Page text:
“Craig Watson and Paul Amey were big influences on me in my younger days. When I was trying to breakthrough they were two guys I knew and looked up to and one year – I’m not sure if Mum had kicked me out or I took off, but one year I flew to Australia and slept on their couch for 6 months and learned the ropes. Man that was some hard training, I would pretty much go out and train and come back and fall asleep on that little couch on the Gold Coast. Craig Watson was renowned for his training ethic and workload, I guess those two guys set those foundations for me and gave me the idea of what it took to become a good athlete.”

Speaking of sleeping on couches and training hard, there are plenty of stories around about how tough it was for our pioneer triathletes on the international stage, are some of those stories pure urban myth or is there some truth to them?

“Most of what you hear is true, when I first went to Europe I borrowed money from a mate who had access to a student loan, I used it to pay for my ticket. The first few years were tough, not much money, only just getting by – but I always had homestays so in that respect it wasn’t too tough and I always had a roof over my head but when racing on a budget sometimes you had to toss-up between a hotel room and not much dinner or the train station to sleep and a decent feed. Once I was hungry and stole some corn, the corn though turned out to be maize so it didn’t work out so well. You hate it at the time, but I look back and laugh now. “I am pretty sure that Mum and Dad paid the loan back in the end too, he is still a good mate so I’m sure that worked out okay!”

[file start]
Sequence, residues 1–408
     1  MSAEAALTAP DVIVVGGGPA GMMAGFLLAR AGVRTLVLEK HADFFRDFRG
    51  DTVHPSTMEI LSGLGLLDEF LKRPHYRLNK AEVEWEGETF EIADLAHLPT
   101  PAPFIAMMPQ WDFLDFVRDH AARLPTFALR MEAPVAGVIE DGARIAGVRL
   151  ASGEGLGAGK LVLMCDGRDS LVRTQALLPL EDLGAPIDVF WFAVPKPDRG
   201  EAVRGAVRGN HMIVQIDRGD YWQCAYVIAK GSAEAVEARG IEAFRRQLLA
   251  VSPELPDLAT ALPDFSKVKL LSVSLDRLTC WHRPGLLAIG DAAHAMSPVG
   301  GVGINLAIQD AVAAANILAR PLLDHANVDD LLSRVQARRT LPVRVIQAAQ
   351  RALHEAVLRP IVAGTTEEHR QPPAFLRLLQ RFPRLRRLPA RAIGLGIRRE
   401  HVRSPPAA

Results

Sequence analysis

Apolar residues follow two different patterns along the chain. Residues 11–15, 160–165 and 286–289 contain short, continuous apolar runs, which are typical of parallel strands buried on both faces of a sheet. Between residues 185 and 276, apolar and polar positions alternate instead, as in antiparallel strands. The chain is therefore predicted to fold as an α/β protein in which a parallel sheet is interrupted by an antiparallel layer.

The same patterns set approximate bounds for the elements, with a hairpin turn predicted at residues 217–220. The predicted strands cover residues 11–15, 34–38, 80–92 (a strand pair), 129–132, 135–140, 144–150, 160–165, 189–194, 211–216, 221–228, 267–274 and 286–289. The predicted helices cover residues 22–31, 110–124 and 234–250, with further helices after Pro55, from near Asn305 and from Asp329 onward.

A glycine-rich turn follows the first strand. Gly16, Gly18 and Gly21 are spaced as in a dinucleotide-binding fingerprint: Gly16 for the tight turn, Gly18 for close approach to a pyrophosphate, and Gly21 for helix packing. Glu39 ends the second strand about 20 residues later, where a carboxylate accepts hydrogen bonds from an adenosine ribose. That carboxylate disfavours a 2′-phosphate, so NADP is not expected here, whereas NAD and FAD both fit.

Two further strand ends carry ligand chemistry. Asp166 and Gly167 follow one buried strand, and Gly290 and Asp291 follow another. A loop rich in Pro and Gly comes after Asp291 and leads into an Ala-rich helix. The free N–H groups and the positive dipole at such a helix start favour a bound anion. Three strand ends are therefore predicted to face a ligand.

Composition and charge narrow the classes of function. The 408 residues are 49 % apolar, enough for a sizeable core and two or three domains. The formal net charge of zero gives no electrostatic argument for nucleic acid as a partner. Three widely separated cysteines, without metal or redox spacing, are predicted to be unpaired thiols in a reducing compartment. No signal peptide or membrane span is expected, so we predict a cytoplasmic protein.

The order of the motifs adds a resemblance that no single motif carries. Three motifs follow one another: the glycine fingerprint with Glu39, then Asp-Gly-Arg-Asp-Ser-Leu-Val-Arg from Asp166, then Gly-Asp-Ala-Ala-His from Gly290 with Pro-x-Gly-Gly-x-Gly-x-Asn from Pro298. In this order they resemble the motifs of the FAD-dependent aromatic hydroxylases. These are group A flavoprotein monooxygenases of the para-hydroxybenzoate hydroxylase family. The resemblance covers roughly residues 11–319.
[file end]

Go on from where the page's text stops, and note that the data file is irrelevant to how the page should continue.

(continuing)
Docherty is recognized for his toughness and hardnosed approach, it is no surprise then to hear that he thinks the current generation could do with a little ‘tough love’.“I personally thing guys should get more ‘old school’, toughen up and try not to soften them up too much. If I was a coach I think I would be ‘old school’ and harden some of them up a little. That is probably the reason I am not getting into coaching! Sports science and support has its place for sure, but at the end of the day I believe what makes a good Kiwi sportsperson is a tough attitude first and foremost.”


Photo courtesy of NZ Triathlon & Multisport

When reminiscing about his racing days, Docherty says it is tough to find the ‘perfect race’ but does recall a day when he went as close to it as he ever did in those fifteen years.

“I don’t think I have ever had the perfect race, but one that is close was a World Cup win in Sydney in 2010, I just felt like I was in control, I made smart choices and had the fitness to back it up. I swam well with the lead pack and then broke away on the bike, I had a 40 second gap with some faster runners off the bike that had sheltered so I jogged the first k, let them catch up, played with them and then ran away with it on the last lap. It wasn’t perfect but I made some smart decisions and had some great form and came away with a win in front of the Sydney Opera House where ten years earlier I had watched the start of the Olympic movement for triathlon, so that was pretty special.”

Docherty plays down a little the competition that he enjoyed from other New Zealanders throughout most of his career, saying his goal was never to be the best local triathlete anyway.